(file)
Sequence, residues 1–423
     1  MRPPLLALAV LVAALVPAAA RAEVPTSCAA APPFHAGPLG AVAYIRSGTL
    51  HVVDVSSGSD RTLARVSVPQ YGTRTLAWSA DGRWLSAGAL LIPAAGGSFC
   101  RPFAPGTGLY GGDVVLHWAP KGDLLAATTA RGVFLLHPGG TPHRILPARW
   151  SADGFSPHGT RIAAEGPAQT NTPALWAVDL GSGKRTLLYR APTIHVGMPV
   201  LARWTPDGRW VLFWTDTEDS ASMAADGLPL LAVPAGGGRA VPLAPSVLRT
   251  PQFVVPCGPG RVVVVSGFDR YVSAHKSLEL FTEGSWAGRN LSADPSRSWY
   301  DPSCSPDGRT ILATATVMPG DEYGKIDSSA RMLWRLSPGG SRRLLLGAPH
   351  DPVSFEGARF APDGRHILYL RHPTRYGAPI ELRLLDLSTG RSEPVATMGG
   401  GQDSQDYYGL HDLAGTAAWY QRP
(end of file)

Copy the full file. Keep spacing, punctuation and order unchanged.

Sequence, residues 1–423
     1  MRPPLLALAV LVAALVPAAA RAEVPTSCAA APPFHAGPLG AVAYIRSGTL
    51  HVVDVSSGSD RTLARVSVPQ YGTRTLAWSA DGRWLSAGAL LIPAAGGSFC
   101  RPFAPGTGLY GGDVVLHWAP KGDLLAATTA RGVFLLHPGG TPHRILPARW
   151  SADGFSPHGT RIAAEGPAQT NTPALWAVDL GSGKRTLLYR APTIHVGMPV
   201  LARWTPDGRW VLFWTDTEDS ASMAADGLPL LAVPAGGGRA VPLAPSVLRT
   251  PQFVVPCGPG RVVVVSGFDR YVSAHKSLEL FTEGSWAGRN LSADPSRSWY
   301  DPSCSPDGRT ILATATVMPG DEYGKIDSSA RMLWRLSPGG SRRLLLGAPH
   351  DPVSFEGARF APDGRHILYL RHPTRYGAPI ELRLLDLSTG RSEPVATMGG
   401  GQDSQDYYGL HDLAGTAAWY QRP